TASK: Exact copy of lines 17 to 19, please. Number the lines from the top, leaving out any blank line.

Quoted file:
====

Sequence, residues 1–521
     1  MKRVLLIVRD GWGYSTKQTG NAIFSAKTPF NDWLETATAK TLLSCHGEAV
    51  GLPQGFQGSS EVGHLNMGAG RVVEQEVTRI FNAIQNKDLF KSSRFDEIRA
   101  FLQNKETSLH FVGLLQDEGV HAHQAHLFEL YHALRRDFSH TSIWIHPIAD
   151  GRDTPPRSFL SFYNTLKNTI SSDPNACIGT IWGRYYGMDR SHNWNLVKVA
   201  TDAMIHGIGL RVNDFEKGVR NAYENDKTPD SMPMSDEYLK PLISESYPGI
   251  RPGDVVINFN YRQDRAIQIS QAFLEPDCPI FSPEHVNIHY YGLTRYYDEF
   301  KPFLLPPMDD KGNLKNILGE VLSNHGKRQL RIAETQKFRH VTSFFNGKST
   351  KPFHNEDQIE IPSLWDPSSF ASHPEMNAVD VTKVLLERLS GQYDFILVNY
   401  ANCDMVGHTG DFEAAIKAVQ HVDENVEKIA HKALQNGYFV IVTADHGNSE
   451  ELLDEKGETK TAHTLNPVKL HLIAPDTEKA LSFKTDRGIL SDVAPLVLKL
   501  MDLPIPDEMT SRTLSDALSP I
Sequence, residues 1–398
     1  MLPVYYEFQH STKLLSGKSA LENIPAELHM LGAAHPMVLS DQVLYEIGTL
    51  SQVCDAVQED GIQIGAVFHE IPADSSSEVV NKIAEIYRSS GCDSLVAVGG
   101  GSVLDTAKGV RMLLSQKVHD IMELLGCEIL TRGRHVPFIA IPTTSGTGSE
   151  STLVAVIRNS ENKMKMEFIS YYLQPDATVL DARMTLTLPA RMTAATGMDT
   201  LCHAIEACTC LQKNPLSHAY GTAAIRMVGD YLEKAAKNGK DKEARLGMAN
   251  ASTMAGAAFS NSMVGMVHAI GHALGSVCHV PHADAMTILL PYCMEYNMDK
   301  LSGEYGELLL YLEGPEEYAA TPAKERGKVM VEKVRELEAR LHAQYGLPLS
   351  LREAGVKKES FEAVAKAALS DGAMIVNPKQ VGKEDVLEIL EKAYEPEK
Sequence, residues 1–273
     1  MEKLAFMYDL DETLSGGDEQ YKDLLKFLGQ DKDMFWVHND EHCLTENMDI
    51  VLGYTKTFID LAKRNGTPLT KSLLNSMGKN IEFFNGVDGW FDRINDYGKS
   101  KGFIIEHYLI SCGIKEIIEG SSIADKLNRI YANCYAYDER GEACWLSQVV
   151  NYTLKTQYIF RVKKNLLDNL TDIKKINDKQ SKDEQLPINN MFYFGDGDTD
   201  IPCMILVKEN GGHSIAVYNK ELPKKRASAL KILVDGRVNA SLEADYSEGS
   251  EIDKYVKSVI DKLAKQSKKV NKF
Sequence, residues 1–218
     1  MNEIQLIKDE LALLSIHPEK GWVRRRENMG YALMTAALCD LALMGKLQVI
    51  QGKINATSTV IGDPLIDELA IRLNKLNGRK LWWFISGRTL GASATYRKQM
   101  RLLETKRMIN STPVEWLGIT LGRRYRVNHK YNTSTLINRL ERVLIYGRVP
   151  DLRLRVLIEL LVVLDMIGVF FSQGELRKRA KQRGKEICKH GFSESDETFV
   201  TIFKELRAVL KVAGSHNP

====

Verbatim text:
   151  STLVAVIRNS ENKMKMEFIS YYLQPDATVL DARMTLTLPA RMTAATGMDT
   201  LCHAIEACTC LQKNPLSHAY GTAAIRMVGD YLEKAAKNGK DKEARLGMAN
   251  ASTMAGAAFS NSMVGMVHAI GHALGSVCHV PHADAMTILL PYCMEYNMDK